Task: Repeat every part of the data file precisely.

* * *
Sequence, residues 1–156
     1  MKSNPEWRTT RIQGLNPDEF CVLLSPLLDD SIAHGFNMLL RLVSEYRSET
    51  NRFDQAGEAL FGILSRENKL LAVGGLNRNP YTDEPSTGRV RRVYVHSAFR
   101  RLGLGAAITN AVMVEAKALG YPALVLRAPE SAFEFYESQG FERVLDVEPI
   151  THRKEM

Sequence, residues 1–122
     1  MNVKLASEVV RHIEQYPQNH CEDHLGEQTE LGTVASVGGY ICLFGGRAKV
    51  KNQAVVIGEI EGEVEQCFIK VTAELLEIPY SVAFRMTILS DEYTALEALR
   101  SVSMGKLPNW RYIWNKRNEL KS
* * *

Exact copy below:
Sequence, residues 1–156
     1  MKSNPEWRTT RIQGLNPDEF CVLLSPLLDD SIAHGFNMLL RLVSEYRSET
    51  NRFDQAGEAL FGILSRENKL LAVGGLNRNP YTDEPSTGRV RRVYVHSAFR
   101  RLGLGAAITN AVMVEAKALG YPALVLRAPE SAFEFYESQG FERVLDVEPI
   151  THRKEM

Sequence, residues 1–122
     1  MNVKLASEVV RHIEQYPQNH CEDHLGEQTE LGTVASVGGY ICLFGGRAKV
    51  KNQAVVIGEI EGEVEQCFIK VTAELLEIPY SVAFRMTILS DEYTALEALR
   101  SVSMGKLPNW RYIWNKRNEL KS